34. Dan Frankel
As minority chair of the House Health Committee, State Rep. Dan Frankel has established himself as the leading voice for abortion access, as well as a major defender of LGBTQ rights. Frankel is sponsoring legislation to prohibit surprise hospital fees, along with a bill to allow Pennsylvanians over the age of 14 to consent to vaccinations. Frankel is supportive of legislation that bars government entities from requiring health care professionals to provide information to patients that isn’t medically accurate.
35. Art Haywood
State Sen. Art Haywood has held significant clout in the health care space over the course of the last year as both the minority chair of the Senate Health & Human Services Committee and a member of the governor’s COVID-19 Vaccine Joint Task Force. Haywood, alongside other members of the task force, has worked to improve vaccine distribution throughout the state and has been a strong advocate for measures aimed at reducing gun violence across the Commonwealth.
36 . Ryan Aument, State Senator, Art Haywood, State Senator, Tim O'Neal, State Representative, Bridget Malloy Kosierowski, State Representative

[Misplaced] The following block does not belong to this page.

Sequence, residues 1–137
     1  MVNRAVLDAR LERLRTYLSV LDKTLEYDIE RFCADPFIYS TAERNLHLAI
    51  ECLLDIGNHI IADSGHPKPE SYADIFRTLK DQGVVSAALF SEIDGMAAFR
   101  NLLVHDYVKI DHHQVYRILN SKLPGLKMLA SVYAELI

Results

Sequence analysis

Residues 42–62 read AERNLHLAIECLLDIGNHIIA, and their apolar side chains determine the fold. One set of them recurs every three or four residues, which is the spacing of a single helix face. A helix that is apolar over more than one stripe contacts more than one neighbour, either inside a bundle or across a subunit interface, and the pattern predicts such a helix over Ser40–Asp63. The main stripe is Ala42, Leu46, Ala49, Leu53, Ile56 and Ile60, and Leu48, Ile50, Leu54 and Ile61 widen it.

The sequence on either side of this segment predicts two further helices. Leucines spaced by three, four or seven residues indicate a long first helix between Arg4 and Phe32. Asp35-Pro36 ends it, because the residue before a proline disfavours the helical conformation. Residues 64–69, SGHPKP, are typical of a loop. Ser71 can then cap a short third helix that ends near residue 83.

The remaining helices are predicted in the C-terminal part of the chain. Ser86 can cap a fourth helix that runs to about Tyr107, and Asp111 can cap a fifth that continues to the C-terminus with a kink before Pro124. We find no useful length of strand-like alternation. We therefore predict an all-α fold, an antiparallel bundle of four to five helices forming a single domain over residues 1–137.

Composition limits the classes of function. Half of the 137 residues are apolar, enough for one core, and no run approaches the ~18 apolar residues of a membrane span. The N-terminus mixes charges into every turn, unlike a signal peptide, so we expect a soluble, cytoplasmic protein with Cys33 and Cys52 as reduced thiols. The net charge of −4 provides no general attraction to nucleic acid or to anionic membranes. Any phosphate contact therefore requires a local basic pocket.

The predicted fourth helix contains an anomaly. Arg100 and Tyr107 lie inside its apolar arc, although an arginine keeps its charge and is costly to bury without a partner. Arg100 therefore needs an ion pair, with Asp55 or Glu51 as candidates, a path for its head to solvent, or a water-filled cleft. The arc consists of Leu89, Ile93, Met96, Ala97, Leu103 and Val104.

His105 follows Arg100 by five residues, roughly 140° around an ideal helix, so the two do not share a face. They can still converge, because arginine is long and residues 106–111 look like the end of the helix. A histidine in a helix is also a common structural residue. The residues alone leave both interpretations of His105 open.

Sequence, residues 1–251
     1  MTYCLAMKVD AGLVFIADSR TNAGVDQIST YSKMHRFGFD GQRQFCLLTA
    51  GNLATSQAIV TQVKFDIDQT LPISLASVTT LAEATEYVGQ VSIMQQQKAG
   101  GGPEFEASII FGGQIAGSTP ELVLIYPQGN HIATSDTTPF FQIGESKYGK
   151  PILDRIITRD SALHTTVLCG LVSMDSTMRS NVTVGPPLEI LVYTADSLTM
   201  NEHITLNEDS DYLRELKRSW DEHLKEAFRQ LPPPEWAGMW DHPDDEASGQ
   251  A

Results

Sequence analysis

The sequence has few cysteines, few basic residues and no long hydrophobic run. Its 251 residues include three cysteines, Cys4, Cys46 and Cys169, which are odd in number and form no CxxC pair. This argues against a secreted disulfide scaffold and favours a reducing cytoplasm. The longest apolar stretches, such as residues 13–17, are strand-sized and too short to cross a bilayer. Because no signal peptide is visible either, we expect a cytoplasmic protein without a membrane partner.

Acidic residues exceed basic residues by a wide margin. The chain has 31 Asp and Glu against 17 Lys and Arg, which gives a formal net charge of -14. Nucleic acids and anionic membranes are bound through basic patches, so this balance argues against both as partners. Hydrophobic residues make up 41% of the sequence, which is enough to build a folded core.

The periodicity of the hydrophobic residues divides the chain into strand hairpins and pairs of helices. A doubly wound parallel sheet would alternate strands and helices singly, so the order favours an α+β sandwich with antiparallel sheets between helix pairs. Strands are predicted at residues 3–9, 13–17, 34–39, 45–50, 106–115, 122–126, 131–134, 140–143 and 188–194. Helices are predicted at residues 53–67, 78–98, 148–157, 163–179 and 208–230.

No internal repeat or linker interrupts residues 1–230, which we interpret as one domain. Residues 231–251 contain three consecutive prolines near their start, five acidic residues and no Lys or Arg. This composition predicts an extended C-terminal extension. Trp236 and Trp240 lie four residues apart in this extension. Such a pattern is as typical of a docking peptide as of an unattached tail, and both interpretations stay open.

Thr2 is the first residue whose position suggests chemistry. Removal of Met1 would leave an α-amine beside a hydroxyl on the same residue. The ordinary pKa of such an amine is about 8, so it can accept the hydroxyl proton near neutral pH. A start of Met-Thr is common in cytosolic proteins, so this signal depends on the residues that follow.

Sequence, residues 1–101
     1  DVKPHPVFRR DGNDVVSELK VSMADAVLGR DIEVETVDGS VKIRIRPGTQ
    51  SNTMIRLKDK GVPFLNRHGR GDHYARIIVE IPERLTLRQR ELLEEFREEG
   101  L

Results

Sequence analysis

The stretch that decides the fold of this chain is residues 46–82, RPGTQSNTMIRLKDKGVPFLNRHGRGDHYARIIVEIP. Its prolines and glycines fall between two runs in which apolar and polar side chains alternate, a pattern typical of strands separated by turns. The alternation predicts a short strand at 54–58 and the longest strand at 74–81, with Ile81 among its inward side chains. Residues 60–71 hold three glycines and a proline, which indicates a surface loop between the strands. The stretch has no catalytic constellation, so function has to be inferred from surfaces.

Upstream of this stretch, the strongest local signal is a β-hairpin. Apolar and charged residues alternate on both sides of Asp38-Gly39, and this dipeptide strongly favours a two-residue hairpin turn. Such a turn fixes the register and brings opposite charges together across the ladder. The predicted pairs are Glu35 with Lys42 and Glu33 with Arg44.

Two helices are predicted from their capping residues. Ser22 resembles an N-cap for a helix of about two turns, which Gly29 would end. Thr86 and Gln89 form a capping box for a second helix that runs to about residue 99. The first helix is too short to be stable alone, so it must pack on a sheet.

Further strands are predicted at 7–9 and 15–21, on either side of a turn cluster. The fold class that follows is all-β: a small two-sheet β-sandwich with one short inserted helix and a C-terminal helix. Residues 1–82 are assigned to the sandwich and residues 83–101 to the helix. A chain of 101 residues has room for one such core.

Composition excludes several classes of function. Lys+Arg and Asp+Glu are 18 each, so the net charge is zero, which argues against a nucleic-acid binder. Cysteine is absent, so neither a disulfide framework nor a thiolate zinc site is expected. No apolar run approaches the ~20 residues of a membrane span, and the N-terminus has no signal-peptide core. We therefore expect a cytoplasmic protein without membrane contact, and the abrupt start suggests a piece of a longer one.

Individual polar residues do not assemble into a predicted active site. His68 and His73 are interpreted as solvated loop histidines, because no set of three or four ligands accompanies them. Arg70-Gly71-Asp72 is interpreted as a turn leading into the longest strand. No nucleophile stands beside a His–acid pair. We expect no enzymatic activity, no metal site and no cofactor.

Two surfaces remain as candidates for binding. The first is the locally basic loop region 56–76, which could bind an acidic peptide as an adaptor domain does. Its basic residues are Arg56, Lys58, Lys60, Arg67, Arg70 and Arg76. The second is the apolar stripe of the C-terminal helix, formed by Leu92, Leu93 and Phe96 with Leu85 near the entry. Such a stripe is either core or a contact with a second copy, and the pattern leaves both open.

Members of the COVID-19 Vaccine Joint Task Force
In an effort to distribute vaccines quickly across the Commonwealth and build trust among Pennsylvanians, Gov. Tom Wolf put together his COVID-19 Vaccine Joint Task Force, made up members of his administration and State Sens. Art Haywood and Ryan Aument and state Reps. Tim O’Neal and Bridget Malloy Kosierowski. These legislators have reached across the aisle to work together, and the state’s vaccine rollout has been moving in a positive direction ever since, with more than 61% of Pennsylvanians now vaccinated against COVID-19.
37. Debra Bogen
Director, Allegheny County Health Department